Five Mixed Poems, with Notes [now is Spanish and English]
1.Night in Jamaica [Peruvianism: 1810]It was a rainy night they say When don Simon Bolivar Slept in the arms of beautiful -Luisa Crober (of Jamaica); thus an Assassin missed his mark When he stabbed Major Amestoy Sleeping in the dark In Bolivar's hammock!.
I Sought after TO SAY IT WITH A BUNCH OF Flora A CARD WOULD HAVE SUFFICED.I Required TO SAY IT WITH A PACK OF SWEETS A' HI' WOULD HAVE SUFFICED.
JOINEDHeart beat of man pounding - yet unheard joined becomes the beat of a nation.Words of man written - yet unread joined becomes a proclamation.
Robert Burns Love Poem: A Red, Red Rose
Robert Burns, a poor man, an educated man, and a ladies' man, is agent of Scotland, much like whisky, haggis, bagpipes, and kilts. He lived a life shortened by stiff heart disease, 1759-1796, but his life journey because of poverty, informal education, disappointed love, nationalism, and literary and pecuniary sensation can be identified by all Scots and communal men the world over.
San Francisco [Almost a Sonnet]
(The city by the bay of Northern California, near which the Appeasing Ocean resides; the year is 1967)Mid October seemed like some bound day,When because of the calm waters, dry as lead, The ferry, like vague dimness that stand the dead,Slipped down the coiled coast of Frisco bay, Rounded the Blonde Gate,-and San Francisco lay, Before me, that gay city, pink and red, Hippies roofed Haigh Asbury's down-and-out head,-My home, to be, I found stirring and grey.The waves not working on the wooden-sides; fishermenNearby with long necks, looked and cast again.
Daybreak at Pikes Creek [a Poem]
Daybreak at Pikes Creek [Summer of 2005]Daybreak by Lake Superior Rising out of the woods like: A swamp mist I'm behind you for breakfast(at the B&B) I pace the grounds The scent of green shrubbery: Trees, flora, flowers-rain Intoxicates me- Branches like big brown arms Descend? The embankment, to the right Blue eyed, like mine-reflect From the creek beneath me (my wife says 'be careful' she went to get the camera) The greens and blues touch My face and blue jeans- Reflections mirrored like Musical notes of a symphony (I'll see them later in pictures) For now, it's daybreak In Minnesota.#813 8/26/2005Note: the author, Dennis Siluk, took his wife Rosa [me: on my birthday] to Lake Superior, this summer, and I established the largest lake in the world.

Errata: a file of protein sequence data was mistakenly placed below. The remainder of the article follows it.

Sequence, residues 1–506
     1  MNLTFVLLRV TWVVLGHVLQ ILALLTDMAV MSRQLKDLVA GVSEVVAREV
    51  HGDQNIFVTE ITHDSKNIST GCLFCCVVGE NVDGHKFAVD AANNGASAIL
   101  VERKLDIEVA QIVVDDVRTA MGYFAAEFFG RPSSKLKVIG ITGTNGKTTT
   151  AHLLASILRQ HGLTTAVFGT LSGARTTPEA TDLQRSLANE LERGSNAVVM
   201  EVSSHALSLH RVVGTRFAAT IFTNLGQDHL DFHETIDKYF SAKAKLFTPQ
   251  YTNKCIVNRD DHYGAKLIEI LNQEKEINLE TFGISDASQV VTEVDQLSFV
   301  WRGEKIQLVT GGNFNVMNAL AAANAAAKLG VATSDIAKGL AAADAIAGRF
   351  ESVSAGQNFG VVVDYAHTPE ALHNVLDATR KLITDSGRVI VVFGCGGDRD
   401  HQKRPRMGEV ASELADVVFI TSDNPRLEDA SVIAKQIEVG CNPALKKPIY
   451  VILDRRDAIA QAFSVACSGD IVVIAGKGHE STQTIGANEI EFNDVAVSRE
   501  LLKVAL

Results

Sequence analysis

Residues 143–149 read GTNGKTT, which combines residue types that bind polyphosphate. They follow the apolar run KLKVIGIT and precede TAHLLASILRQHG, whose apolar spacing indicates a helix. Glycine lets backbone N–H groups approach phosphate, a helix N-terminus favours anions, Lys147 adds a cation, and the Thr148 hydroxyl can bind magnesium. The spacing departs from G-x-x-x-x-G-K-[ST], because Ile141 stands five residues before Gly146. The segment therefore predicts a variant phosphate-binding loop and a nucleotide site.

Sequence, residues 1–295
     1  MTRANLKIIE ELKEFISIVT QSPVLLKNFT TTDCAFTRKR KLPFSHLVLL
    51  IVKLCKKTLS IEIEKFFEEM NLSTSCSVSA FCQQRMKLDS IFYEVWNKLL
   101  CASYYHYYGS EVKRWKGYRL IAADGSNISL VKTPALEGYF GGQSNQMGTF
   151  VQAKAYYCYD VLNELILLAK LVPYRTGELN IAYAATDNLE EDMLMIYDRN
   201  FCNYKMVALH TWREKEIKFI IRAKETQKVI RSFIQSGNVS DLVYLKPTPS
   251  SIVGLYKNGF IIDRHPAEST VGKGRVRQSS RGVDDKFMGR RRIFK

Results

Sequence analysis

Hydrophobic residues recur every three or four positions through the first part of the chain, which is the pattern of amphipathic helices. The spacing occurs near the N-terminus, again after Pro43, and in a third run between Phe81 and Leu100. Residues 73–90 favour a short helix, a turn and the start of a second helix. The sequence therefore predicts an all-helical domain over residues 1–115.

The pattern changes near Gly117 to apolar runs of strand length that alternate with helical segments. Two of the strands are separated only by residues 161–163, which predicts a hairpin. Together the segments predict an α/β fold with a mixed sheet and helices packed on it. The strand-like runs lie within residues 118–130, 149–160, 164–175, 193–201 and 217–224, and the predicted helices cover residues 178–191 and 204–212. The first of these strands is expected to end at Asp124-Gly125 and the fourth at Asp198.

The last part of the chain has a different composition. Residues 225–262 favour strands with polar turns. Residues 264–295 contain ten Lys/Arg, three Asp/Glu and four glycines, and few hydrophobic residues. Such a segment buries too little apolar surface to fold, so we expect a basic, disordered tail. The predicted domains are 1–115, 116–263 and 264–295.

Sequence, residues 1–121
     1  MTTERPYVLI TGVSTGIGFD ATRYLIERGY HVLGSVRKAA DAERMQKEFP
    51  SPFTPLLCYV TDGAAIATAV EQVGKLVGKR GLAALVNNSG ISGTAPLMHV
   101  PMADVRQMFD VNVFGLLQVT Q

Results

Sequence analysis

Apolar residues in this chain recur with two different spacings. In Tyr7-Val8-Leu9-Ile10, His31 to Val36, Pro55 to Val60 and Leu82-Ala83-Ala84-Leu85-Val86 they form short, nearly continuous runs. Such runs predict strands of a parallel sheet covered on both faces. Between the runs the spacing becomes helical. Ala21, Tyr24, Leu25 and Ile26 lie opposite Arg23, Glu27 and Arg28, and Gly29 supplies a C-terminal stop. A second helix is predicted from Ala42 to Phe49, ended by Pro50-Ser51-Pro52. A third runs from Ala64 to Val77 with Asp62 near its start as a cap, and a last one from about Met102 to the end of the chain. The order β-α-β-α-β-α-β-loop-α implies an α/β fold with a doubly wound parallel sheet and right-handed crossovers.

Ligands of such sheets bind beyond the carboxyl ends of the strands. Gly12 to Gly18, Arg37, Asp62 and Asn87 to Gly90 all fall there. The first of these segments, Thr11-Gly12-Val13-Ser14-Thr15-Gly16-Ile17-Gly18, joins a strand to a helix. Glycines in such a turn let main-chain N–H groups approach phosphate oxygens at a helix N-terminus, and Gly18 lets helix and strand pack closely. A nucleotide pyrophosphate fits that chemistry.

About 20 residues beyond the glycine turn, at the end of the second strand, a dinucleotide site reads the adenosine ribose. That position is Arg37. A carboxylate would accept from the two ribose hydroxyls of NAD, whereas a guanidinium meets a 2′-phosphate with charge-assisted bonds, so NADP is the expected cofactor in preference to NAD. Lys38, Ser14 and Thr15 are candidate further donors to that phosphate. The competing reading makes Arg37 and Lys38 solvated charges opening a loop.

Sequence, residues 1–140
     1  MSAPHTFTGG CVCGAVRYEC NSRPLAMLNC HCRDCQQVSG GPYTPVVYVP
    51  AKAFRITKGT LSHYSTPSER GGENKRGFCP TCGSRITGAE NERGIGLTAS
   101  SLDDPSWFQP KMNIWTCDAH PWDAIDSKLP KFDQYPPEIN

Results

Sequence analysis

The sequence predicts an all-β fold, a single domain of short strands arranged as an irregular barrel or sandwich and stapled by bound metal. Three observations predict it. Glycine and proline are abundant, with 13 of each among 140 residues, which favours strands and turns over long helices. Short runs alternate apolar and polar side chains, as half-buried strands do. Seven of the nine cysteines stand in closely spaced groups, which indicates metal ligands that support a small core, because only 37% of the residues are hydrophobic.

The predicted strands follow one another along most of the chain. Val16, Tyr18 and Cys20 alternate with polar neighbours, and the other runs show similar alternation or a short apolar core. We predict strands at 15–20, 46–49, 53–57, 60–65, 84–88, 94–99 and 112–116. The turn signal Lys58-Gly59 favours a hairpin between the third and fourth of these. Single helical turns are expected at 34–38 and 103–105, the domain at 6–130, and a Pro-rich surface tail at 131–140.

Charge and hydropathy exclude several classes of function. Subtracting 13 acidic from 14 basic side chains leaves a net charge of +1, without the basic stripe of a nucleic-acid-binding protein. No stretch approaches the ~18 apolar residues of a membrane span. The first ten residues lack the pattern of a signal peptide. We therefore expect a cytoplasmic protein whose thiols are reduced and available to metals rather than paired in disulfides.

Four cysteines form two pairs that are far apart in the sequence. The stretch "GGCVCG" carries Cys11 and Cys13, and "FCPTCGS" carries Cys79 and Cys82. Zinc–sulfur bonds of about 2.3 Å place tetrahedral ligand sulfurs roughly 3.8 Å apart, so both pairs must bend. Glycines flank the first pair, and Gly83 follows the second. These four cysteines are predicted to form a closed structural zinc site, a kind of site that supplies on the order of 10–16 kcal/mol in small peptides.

Two Poems on the Traditions of Peru [in English and Spanish]
Atahualpa's Game [Peruvian]Sometimes, it's not wise To share your wisdom ---as did, Atahualpa (The Inca King) in the Game of chess; thereafter, He was condemned to death.6/6/05 #713Note: Atahualpa, was the most famed of the Inca Kings, in the 16th century of Peru, I do relieve, and was held for payment by the Spaniards.
The Exterminate of Lima and Path to Mantaro Valley (Two Poems)
Footprints to Mantaro Valley (Peru; in English and Spanish)In what flee art hid?-Where declining mountains groan In shadow and amongThe fast-moving water of the Rio? Is not your name Mantaro Valley?Beyond the footsteps of the Andes--?I can hear your voice in echoesI can hear thy voice, delightfully low. I do but know thy by a glanceAs the clouds above me know? .
Farewell to Lester Graybill
I never met a man, who could shake my hand, and make my heart feel like a fireplace afire.I never met a man, who could smile so easy, real honest.
It's dark, it's cold, its' just six thirty,thoughts of sleep still dull my brain,As I bend down, exclusive my coat,a customer clone, just coming up for a train.Insidious rain, just showery down,through weak light of creeping dawn,Paper sandwich bags and old auburn cups,blowing past, look so forlorn.
Have you ever practiced obsession with a big shot you know is not a good match for you? Or how about an appealing association that roots itself deep in your memory..
now is not the time to open open that great door again not the time to be more tolerant not the time to play to winnow is not the time for justice evolution mercy choices not the time to pet the puppies yipping with pathetic voicesnow is not the time for kindness not the time for compromise not the time for loving blindness not the time to close my eyesnow for one too many people not that i have gained no good heart has sown but flesh is reaping tears to mind and atrophied bloodnow my inner wolf seeks equals only those whose chords can howl deadly whether lone or social defending young or on the prowltell me not that you would die upon the spines of my displeasure live for me and for you will i cherish each cell as if a treasureput me not classified a cage but roam with me all through snow and sun be by my side or breathe my dust for i shall bleed again for noneNiki Lasher Artist, Writer, and Webmatron http://www.kthulah.
Four Poems: Grendels Nature...the Racetrack...Counting days...[Now in English and Spanish]
English Version1) Grendel's DivorceYou must know that I do not hateAnd that I hate you, Because the whole thing dead has twoSides; A sound is one arm of the quiet, Ice has its warm half.I hate you in order to start hating you To begin life again And never to stop hating you: That is why I do not hate you yet.
No one ought to have to beg or crawl ahead of humanity. No one be supposed to have to design to buy philanthropy.